Posted by: ayaka, Saturday, June 7, 2014, 10:07pm; Reply: 14
honey and table sugar share the same glycaemic index im sure. Hence it's not the best for a sugar choice. Maybe sparingly to supplement the nutrients in small amount might be ok.

Im guessing maybe he could stay away from the sugary stuff for awhile and see if it helps. Sugar does promote breeding of bad hats in the gut i think? After all sugar promotes the growth of cancerous cells.

Irregardless of g.i., any form of sweetener constitutes to the amount of sugar per day so be careful with the portion
Posted by: misspudding, Sunday, June 8, 2014, 1:58am; Reply: 15
Yeah, he seems to be doing well with rice cakes, bananas, lemon juice, and meat at the moment. He just tapered down on the steroids and has had a very good day today, so I think a lot of his problems were the sugar in the steroids (and well, the steroids).

I have high hopes for SWAMI, but I think our doc is going to want us on SCD, at least short term. Will definitely be modifying it (no honey, for instance).

I've been wanting to look up Polyflora, but the site was down for updates. Hope it's back up again!
Posted by: Drea, Sunday, June 8, 2014, 2:07am; Reply: 16
How old is your son? (it doesn't matter, I'm just curious)...

I have a dear friend who has Crohn's and she mostly follows the SCD, with a side of BTD. She's my age, though.
Posted by: misspudding, Sunday, June 8, 2014, 2:24am; Reply: 17
He's 9. Been struggling since he was a baby with digestive issues, though. He would react to the HFCS in the tylenol we were giving him for teething (at 3 months!), and any dairy I would eat when I was nursing after we supplemented with formula when he was a newborn. I nursed for 20 hard months, though, because I had a hunch he would have tummy issues, as I've had them forever.

He did well from about one year old to 6.5 years old. Then started getting clogged up due to SIBO (had several rounds of antibiotics due to sinus infections between 2 and 5). He breath tested positive for fructose malabsorption, but we think it was SIBO. SIBO is cleared up, supposedly (confirmed through breath testing), but obviously we need to build the gut bacteria back up with good bacteria. The steroids have not helped in that regard. Ugh.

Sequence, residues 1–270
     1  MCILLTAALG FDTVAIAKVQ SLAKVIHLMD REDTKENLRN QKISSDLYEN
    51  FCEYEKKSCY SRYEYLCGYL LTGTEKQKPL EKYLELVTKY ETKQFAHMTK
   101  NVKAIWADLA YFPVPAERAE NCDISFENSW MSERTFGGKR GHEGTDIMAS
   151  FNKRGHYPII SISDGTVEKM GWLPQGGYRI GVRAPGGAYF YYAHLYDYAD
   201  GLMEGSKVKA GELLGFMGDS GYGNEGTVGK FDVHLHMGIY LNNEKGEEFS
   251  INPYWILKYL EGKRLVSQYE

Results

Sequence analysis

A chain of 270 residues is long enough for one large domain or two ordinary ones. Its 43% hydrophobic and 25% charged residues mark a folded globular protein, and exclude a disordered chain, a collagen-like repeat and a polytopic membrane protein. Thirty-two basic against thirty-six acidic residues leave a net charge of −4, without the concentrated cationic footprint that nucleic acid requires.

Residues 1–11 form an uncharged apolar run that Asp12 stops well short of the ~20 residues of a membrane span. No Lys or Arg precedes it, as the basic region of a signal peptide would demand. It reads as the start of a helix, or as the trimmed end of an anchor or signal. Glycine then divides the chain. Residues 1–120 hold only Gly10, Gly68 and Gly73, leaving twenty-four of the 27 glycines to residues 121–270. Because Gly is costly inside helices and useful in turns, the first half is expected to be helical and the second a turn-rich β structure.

Most of the folks I know with Crohn's have treated it successfully with diet, mainly being gluten and dairy free. He never had bleeding, thankfully. Actually, knock on wood, his doc said his case was "mild".
Posted by: misspudding, Sunday, June 8, 2014, 2:36am; Reply: 18
Post 5

Today was a very good day! We tapered off to the last level of steroids (thank you baby Jesus!!!!!!). He'll be on it for one more week and then we can really, seriously, focus our efforts 100% on diet. We've mainly been doing SWAMI, but with the steroids in the mix, it's all over the place, so I've been letting him have rice milk (technically an avoid, but it's

We did the Seattle branch of the CCFA's "Take Steps" walk this afternoon. It wasn't too long of a walk, but DS has been struggling with "diaper rash" (though not bad since the latest taper, yay!) so we let DS bring his bike. He probably rode five miles, total. It was a decent event and the weather was pretty fantastic. I love this time of year in Seattle.